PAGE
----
My favourite fashion innovation of the year was something you wear in only the loosest sense – a unisex eau de cologne range called Scent Of Departure which distils the smells of some of the world's most famous cities into something you'd squirt on to your chest.
The scents are the brainchild, if that's the right word, of perfumier Gerald Ghislain and designer Magali Senequier. He has cooked up the smells and she the packaging, which rather niftily uses the design of those luggage labels they stick on your Louis Vuitton duffle bag when you check in for a flight.
So how do the scents shape up? London promises top notes of pine, turf and bergamot, a heart of lotus flower and base notes of patchouli and treemoss. Result? A bouquet reminiscent of "warm Earl Grey tea - as a Shakespearean jasmine unveils a romance of mossy woods and white musk for a final wink at the London eye." You get the drift. Fruity in every sense of the word.
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The Munich scent, which you imagine would smell of beer and sausages, is crisp and floral. In fact it's left to Istanbul to provide the earthier aromas with a scent concocted from sandalwood, cinnamon, pepper and lychee. Fair enough, though my over-riding olfactory memory of the city is the smell of sardines cooking over charcoal on the Galata bridge. (It's the same with Miami. All I get when I close my eyes is the smell of Hawaiian Tropic and Dr Pepper. They've loaded their scent with blood orange, pink grapefruit and caramel. No coconut!)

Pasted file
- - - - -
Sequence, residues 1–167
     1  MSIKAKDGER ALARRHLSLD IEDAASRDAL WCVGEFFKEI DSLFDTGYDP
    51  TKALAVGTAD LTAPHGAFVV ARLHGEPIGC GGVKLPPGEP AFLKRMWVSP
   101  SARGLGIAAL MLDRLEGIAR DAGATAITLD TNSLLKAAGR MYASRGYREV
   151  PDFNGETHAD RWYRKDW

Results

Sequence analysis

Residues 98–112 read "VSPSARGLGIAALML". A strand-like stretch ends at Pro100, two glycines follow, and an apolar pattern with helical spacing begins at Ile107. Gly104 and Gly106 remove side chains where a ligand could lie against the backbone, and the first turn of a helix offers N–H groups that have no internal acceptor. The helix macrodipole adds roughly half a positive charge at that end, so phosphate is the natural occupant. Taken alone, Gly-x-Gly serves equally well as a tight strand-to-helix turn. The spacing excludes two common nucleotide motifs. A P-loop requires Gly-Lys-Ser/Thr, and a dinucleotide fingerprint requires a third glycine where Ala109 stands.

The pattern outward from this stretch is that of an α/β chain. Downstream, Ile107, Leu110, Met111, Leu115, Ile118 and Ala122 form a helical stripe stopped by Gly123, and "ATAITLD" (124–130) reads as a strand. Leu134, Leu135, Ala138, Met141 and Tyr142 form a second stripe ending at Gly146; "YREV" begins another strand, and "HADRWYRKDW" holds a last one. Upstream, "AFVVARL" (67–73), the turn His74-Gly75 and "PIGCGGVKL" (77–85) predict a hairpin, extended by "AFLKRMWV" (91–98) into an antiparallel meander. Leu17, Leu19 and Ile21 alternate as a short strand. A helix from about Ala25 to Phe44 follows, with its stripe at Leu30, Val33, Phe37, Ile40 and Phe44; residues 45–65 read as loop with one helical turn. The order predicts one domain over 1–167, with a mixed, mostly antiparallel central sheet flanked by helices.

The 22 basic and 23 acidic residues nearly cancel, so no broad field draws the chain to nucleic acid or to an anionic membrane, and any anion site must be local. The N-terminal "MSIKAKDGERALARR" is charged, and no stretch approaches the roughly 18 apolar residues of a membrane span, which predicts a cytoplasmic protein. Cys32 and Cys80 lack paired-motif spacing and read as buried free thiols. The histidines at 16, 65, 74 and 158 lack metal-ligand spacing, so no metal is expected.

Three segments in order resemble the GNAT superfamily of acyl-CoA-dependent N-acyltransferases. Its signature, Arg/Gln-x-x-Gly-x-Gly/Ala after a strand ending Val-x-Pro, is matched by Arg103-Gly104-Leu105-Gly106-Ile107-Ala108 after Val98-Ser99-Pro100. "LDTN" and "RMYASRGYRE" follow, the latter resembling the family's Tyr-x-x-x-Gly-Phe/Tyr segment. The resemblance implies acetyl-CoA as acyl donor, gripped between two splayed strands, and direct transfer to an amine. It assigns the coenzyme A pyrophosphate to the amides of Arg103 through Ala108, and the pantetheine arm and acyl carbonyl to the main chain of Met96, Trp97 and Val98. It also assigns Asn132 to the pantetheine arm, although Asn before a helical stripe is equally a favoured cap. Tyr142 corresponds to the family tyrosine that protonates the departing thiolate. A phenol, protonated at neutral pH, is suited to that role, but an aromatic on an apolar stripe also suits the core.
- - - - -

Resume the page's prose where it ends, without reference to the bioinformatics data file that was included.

Predictably, there is an absence of any Scottish cities. I happen to like the smell of brewing that wafts over our capital but many don't and I imagine perfumiers are among them. The same would probably be true of the tangy whiff that comes off the Clyde when the wind's in the right direction. Any time I'm in Dundee, meanwhile, the city smells of chips and kebabs and it's always so cold in Aberdeen that I have my nose buried in my scarf and can't smell anything.
Still, I like the idea of tailoring a fragrance to a city and would be intrigued to smell some Scottish ones. Or how about expanding the idea to include other things, like fragrances for each day of the week? Monday would be bright and cheery, a pick-me-up after Sunday's more subdued scent, which mingles the smell of the sports section with a Bloody Mary. And – here we blend both day and city – what smell would best capture a Saturday night on the ran-dan in Clatty Pats? Answers on a luggage label, please. n